The Distillations blog is the place for regular updates from the intersections of science, culture, and history.
In a time of social, political, and environmental uncertainty, how do we imagine the future?
Science History Institute staff recommends articles and blog posts from around the web to add to your binge lists.
Why resources spent building a colony on the red planet would be a waste of money.
Does Darwin deserve the credit for the theory of evolution, knowing what we know now about his predecessors?
Science History Institute staff recommends articles, videos, and blog posts from around the web to add to your summer binge lists.
Mary Mark Ockerbloom, the Science History Institute’s expert on all things Wikipedia, discusses the ways in which the site has changed and improved.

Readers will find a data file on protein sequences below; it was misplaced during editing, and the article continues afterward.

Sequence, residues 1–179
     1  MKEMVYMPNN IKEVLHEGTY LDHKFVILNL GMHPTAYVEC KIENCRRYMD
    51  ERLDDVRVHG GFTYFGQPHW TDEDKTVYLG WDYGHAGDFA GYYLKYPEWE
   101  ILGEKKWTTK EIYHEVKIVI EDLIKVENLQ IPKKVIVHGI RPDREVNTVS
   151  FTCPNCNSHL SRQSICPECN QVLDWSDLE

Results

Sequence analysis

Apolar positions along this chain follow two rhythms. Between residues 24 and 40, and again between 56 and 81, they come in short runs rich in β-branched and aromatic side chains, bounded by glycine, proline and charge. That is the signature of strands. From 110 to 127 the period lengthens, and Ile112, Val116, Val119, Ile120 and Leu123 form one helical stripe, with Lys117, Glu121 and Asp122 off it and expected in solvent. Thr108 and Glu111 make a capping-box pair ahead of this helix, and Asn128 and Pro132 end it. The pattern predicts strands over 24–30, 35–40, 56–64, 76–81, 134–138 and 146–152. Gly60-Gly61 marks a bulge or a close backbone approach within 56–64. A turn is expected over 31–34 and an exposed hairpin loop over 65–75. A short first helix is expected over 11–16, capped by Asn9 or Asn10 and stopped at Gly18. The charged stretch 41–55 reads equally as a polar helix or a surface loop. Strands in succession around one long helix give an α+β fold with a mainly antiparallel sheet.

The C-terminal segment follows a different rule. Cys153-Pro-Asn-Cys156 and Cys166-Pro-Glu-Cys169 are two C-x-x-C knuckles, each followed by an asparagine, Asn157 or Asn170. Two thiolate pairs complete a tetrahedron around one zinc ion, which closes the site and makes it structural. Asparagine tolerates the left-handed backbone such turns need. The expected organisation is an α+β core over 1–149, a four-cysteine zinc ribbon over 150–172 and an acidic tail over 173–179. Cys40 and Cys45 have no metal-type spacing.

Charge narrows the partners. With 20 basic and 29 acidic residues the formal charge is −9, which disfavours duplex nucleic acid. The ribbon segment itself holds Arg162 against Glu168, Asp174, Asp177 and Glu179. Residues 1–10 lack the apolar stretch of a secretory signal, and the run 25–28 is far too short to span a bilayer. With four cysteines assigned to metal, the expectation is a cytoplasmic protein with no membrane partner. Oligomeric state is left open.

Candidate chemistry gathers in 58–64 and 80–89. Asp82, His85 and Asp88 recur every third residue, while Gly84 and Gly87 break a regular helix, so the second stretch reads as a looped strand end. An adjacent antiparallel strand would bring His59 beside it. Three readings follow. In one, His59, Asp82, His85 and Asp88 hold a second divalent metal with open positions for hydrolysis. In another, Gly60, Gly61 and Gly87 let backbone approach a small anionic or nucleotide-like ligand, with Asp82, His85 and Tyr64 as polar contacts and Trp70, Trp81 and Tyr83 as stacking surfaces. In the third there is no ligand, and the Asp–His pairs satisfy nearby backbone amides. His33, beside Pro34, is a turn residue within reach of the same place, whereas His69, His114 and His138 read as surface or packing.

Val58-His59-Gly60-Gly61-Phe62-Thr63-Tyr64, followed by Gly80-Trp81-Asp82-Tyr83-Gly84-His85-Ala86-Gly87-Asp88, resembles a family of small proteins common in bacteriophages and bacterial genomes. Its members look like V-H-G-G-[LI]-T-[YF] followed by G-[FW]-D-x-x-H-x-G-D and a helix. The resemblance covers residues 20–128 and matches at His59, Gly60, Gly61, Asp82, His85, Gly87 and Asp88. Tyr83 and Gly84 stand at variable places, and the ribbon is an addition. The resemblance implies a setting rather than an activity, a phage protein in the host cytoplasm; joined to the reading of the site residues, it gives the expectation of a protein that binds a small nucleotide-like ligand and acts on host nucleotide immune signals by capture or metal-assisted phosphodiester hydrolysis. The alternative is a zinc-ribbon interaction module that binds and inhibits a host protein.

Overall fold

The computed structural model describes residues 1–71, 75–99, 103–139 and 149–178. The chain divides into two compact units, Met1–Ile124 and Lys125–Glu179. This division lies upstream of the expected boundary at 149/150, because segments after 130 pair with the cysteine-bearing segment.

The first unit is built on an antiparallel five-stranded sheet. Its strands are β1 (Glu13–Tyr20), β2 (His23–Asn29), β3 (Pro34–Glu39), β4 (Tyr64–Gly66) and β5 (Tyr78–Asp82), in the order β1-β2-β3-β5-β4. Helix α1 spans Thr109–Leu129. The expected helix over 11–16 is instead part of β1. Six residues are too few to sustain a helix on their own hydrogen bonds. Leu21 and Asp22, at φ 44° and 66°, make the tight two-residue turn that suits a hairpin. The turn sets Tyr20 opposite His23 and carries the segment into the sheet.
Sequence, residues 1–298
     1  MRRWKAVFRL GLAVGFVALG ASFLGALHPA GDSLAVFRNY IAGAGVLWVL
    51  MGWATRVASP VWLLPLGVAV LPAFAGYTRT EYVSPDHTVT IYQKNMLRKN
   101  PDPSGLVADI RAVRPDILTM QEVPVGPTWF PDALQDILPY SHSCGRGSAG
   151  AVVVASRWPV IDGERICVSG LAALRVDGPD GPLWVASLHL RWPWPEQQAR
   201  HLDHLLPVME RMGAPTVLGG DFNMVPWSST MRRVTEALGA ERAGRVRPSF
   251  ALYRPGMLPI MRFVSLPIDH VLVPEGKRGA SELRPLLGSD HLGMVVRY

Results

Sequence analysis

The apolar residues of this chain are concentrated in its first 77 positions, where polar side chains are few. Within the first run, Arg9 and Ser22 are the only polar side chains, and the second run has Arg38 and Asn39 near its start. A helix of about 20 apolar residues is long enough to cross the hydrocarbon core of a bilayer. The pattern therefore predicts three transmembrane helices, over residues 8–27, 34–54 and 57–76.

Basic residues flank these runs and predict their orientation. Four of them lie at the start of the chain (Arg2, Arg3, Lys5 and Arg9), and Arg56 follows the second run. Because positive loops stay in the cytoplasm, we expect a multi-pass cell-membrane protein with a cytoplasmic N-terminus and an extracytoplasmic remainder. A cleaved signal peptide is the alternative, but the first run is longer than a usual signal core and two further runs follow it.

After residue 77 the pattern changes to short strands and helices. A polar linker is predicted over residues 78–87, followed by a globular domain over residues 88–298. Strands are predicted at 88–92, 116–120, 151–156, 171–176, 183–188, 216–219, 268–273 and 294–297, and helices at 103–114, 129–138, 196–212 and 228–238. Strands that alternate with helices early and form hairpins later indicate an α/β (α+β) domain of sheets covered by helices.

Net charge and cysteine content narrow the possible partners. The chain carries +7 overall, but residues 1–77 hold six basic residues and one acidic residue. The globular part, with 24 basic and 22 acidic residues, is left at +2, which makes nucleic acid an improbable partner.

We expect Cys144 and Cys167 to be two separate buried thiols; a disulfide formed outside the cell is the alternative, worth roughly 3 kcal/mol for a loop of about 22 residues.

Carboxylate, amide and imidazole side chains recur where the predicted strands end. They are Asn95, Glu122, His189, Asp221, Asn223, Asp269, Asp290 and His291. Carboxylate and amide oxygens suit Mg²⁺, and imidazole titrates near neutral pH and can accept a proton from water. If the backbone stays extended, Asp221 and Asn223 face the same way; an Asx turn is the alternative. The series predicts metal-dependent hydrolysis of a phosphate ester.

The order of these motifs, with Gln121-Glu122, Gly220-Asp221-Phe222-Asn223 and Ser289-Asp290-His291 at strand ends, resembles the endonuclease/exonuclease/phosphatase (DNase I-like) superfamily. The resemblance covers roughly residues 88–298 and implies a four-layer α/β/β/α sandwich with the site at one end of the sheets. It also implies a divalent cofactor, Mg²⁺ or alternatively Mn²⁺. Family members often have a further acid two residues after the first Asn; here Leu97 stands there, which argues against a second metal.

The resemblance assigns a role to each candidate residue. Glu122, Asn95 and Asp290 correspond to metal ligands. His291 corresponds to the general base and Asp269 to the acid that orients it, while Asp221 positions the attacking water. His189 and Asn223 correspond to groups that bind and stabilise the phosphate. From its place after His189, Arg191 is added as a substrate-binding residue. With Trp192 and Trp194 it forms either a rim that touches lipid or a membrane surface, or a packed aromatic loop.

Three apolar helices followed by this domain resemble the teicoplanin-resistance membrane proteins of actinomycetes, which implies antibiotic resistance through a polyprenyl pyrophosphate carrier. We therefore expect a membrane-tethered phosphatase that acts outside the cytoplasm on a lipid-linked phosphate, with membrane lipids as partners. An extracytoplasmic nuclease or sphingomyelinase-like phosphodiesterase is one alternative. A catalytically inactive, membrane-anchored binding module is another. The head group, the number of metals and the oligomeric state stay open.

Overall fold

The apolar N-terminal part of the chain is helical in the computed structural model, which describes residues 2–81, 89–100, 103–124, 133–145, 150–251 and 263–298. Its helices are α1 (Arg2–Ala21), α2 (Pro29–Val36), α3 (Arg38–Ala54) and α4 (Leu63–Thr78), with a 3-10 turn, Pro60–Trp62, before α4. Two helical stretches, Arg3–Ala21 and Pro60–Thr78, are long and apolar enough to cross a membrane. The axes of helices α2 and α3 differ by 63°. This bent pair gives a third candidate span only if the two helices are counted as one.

Why the recent findings of the National Academies of Science, Engineering, and Medicine are enlightening, even if they aren't surprising.
Frankenstein was unleashed on the literary world 200 years ago, but its message still has relevance to everything from gene editing to Facebook.
After the Vietnam War a mysterious yellow substance rained down from the skies of Southeast Asia. Was it a chemical weapon or something stranger?
Do cats mess with your brain?
Eschewing tradition, some instrument makers are redefining what a violin, viola, or cello is.
What it means to be the chief curiosity correspondent at the Field Museum in Chicago.
How fiction helps science intersect with culture.
In trying to separate fact from fiction, writer Natalie Jacewicz gets caught up in a century-old, pseudoscientific web of lies and false hope.
How science fiction has influenced the lives and work of many STEM professionals.
An interest in the pharmacological nature of food led Jessica Zinskie, a postdoctoral researcher at Rowan University, to study the genetics of yeast and the evolution of beer.
Exploring the science behind decay through the Institute’s new exhibition and Old City walking tour.
How tear gas made the transition from wartime weapon to domestic police tool.
How do virologists stop something that is ubiquitous and deadly?
Photos from the March for Science in Philadelphia, in which protesters sent a clear message to the Trump adminstration.